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How to handle complacent hospital staff

(14 Posts)
Harrysmom Thu 27-Jan-05 13:54:14

My SIL law just told me a very scary story about her son. When he was 4 apparently she rushed him to casualty as he had been vomiting, had a temp and was very vacant and drowsy. She immediately thought of miningitis. She got him to a very busy casualty department and explained the symptoms to reception and told them she was very concerned. They took her details and told her to take a number and wait in the waiting room, also that average wait could be over an hour. Naturally my SIL objected, saying she wanted him to be seen straight away, as she felt it might be meningitis. The receptionist told her that the child didnt look unwell and that she would have to wait her turn. My SIL approached a nurse and explained. The nurse said she would find a registrar to come asap. 40 mins later someone came. my SIL was beside herself!

This scared me to death! Im wondering what I should do if I suspect anything like that with DS? Would you cause a scene?

As it turned out, her son just had a virus (Thank God), but nevertheless was quite poorly and was kept at childrens hospital overnight.

nailpolish Thu 27-Jan-05 13:57:15

if you want to make a complaint most hospitals have a 'patients advocate' who deals with things like this.

i am sorry she had such a scare, glad he was ok in the end

dinny Thu 27-Jan-05 14:00:17

how awful, Harrysmom. Didn't they hav a triage system (where they are assessed as soon as they arrive by a nurse and prioritised?) I've taken dd to paediatric A&E where they did that.

Harrysmom Thu 27-Jan-05 14:03:31

That was what the number-taking was for, the triage system. I can believe it though. Our hospital casualty dept. (Brighton) is always jam packed, and a hang out for drunks and druggies too.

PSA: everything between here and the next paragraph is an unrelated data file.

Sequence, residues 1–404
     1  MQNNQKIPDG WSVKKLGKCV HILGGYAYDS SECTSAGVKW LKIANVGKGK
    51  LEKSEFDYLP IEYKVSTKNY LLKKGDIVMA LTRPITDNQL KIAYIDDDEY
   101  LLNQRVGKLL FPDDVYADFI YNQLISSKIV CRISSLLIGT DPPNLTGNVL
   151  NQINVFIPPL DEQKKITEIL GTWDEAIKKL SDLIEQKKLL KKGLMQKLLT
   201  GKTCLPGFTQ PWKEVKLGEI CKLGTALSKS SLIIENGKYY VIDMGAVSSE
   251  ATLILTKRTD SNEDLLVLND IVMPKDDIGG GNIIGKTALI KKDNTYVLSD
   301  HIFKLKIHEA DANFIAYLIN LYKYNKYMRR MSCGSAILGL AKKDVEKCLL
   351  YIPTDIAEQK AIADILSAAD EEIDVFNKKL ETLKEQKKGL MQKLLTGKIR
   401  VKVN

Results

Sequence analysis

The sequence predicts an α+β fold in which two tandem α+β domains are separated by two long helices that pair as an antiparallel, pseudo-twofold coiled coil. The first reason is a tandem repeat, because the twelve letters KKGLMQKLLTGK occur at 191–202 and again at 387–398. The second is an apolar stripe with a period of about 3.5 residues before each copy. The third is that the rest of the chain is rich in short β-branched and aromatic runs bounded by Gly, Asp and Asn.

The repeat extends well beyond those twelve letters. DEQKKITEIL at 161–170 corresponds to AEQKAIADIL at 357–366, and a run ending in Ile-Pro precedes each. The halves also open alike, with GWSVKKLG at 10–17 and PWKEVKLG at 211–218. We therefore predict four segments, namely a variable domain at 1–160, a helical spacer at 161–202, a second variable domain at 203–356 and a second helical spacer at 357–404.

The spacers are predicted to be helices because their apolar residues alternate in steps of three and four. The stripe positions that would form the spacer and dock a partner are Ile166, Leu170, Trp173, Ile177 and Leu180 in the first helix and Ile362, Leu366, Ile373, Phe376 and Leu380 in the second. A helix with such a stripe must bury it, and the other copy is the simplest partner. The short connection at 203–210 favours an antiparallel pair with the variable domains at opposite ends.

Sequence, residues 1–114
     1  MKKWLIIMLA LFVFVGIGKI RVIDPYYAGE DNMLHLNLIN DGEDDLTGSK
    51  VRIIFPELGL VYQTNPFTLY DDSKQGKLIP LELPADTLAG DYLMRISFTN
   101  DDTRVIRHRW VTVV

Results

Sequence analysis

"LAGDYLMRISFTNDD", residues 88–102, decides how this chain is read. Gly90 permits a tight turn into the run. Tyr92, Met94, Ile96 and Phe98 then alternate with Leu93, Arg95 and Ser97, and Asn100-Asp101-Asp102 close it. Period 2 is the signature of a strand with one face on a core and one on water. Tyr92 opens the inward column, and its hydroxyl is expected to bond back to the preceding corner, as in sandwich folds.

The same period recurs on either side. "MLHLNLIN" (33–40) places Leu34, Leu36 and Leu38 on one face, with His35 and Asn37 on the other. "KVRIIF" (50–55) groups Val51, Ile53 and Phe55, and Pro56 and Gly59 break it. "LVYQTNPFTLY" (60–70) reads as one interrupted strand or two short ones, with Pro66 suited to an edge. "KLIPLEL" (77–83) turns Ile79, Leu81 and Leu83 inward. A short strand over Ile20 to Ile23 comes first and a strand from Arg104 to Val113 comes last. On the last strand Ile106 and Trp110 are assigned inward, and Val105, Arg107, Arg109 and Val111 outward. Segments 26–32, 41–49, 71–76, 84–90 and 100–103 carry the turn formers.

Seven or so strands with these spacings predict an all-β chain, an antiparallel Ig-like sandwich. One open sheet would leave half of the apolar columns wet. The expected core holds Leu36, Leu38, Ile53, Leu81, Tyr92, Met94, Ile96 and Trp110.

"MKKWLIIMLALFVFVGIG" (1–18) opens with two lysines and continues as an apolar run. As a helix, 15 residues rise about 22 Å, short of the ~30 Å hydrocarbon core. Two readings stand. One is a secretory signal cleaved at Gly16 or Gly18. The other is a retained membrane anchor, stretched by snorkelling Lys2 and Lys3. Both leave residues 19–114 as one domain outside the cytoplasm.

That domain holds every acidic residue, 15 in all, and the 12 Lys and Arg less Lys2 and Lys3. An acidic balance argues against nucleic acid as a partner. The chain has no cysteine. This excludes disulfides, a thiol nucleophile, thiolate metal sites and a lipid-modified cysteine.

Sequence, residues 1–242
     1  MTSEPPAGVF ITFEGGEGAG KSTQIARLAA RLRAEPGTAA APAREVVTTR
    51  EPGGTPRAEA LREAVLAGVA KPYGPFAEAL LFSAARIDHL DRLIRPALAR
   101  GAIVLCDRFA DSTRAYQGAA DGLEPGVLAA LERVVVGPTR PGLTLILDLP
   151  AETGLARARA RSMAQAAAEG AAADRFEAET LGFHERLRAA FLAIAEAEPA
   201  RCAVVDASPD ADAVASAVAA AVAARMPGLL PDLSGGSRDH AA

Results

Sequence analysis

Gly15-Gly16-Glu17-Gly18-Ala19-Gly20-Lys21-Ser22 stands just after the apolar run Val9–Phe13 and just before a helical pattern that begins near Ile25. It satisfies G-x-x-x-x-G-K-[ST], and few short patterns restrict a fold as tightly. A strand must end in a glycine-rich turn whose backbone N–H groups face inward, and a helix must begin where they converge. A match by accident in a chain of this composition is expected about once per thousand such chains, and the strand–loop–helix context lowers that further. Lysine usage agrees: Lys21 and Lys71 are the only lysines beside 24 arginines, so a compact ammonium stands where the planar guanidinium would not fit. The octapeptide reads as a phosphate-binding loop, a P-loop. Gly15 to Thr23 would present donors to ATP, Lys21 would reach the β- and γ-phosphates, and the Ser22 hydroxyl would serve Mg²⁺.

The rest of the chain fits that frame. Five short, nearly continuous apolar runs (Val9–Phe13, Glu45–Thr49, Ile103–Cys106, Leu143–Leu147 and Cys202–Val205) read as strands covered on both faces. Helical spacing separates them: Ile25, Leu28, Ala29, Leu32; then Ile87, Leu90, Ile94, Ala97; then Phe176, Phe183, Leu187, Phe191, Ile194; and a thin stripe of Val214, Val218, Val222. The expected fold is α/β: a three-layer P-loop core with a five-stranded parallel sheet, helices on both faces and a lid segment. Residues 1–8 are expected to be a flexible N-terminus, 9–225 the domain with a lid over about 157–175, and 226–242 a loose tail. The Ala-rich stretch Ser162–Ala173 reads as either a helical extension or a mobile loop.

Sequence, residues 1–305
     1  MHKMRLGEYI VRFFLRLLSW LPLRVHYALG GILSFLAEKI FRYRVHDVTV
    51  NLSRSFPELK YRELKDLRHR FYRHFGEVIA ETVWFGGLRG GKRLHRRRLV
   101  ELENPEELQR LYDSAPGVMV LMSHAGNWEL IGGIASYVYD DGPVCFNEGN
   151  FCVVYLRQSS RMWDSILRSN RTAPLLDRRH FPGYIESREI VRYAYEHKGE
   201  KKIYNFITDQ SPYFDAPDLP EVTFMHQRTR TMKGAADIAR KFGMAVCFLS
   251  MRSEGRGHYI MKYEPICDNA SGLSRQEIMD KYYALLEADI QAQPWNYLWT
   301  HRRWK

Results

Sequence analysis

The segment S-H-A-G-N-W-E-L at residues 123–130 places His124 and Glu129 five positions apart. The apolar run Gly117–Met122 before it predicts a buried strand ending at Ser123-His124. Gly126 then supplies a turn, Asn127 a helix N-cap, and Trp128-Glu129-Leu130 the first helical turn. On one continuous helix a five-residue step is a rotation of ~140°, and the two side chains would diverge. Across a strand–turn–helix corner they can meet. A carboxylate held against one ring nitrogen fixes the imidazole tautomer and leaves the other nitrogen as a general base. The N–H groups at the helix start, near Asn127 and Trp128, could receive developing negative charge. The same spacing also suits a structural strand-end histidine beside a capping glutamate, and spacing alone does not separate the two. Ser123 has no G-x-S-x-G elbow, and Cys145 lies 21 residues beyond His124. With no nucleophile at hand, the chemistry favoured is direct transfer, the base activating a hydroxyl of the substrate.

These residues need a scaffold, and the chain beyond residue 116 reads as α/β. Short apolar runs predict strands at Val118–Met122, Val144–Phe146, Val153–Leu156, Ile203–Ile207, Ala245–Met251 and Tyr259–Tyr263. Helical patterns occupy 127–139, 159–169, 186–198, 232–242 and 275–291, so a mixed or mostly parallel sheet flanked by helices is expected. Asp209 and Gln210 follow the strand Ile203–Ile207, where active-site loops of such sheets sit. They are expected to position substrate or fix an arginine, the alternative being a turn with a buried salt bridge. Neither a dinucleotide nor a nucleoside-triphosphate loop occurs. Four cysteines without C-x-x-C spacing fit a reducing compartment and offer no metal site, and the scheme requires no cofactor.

dinny Thu 27-Jan-05 14:06:21

mine is St George's in Tooting - they have this separate paed bit/waiting room (packed but at least not with lairy drunken louts). Shame all hospitals don't have separate A&Es for kids.

Marina Thu 27-Jan-05 14:07:48

It is worth driving or cabbing to another local hospital if you know it has a separate paediatric A & E. It makes a real difference.

bundle Thu 27-Jan-05 14:09:29

last time we went to a&e we had only been sitting for about a minute when the triage nurse came over and once we were assessed we were sent to the paeds waiting area (no pissed up punters) where we had another hour and half before we were seen by a doctor.

Pamina3 Thu 27-Jan-05 14:14:37

Message withdrawn at poster's request.

bundle Thu 27-Jan-05 14:17:26

pamina, i rang our emergency out of hours doc about just that and he called my mobile straight away (we were en route to a kids party but close to the hospital...) and he assured me one berry - even a few was fine. i couldn't believe how chilled he was about it!

Pamina3 Thu 27-Jan-05 14:21:10

Message withdrawn at poster's request.

bundle Thu 27-Jan-05 14:22:26

it was my neighbour who said to me: isn't that deadly nightshade in your front garden???!!!

Pamina3 Thu 27-Jan-05 14:25:18

Message withdrawn at poster's request.

Podmog Thu 27-Jan-05 14:28:14

Message withdrawn

batters Thu 27-Jan-05 14:29:15

Blimey, some of these experiences sound awful. My dd has been to a seperate A&E within a hospital twice, and each time been assessed by a nurse very quickly. I haven't minded waiting for a doctor - but then again, my dd hadn't swallowed potentially fatal berries or been suffering from symptoms that could be meningitis.

I do prefer the seperate A&Es for children, for the simple reasons that we don't have to sit down amongst drunk and disorderly scary people.

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